The American College of Physicians and the Federation of State Medical Boards have a social media policy (PDF).



it advises having duel social media presence, one private, one public.

  • Can we compartmentalize the professional from the private self? 
    • If we can, should we?
    • Does this just encouraging inauthenticity and hypocrisy?
  • Can we share non-hurtful private fun (including medicine’s ‘morbid humor’) without broadcasting it to outside observers who may misunderstand or misuse?

Other social media policies:

THINK by Margaret Chisolm






Social Media Professionalism For Nephrologists - Created with Haiku Deck, presentation software that inspires;

A great 10 commandments of Social Media from the Royal College of General Practitioners (PDF)

We can over index on guidelines,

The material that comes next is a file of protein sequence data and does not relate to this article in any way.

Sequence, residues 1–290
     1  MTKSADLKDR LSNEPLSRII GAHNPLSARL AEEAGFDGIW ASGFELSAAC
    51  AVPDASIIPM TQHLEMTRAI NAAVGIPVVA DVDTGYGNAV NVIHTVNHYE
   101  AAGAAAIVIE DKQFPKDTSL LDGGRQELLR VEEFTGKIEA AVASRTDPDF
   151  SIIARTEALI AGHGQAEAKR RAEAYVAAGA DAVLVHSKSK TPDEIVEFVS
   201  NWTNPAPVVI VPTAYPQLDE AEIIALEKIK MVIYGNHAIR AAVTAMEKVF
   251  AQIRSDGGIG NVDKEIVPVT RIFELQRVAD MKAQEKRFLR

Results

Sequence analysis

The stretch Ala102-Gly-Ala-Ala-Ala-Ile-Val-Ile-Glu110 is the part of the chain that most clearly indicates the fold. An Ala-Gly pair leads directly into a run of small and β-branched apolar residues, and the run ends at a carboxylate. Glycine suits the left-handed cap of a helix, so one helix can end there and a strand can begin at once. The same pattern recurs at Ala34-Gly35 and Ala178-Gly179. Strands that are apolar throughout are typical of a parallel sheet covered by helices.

Guidelines seem to at worst insult our intelligence, and at best state the obvious. ‘Don’t post photos of yourself doing illegal things’ and ‘Don’t post identifiable information about patients’ are covered by common sense. I once saw a poster in a hospital that said ‘Never post anything related to work online’. What does that mean? Don’t mention medicine?
— Ashleigh Witt


Simple mantras (Jhaveri/Sparks/Topf policy on social media interactions)

  • AVOID patient identifiable information online
  • MONITOR your internet presence
  • SEPARATE professional and personal accounts online
  • HELP other physicians be ethical
  • ONLINE reputation matters- experiment and innovate but be mindful of negative interactions and violations.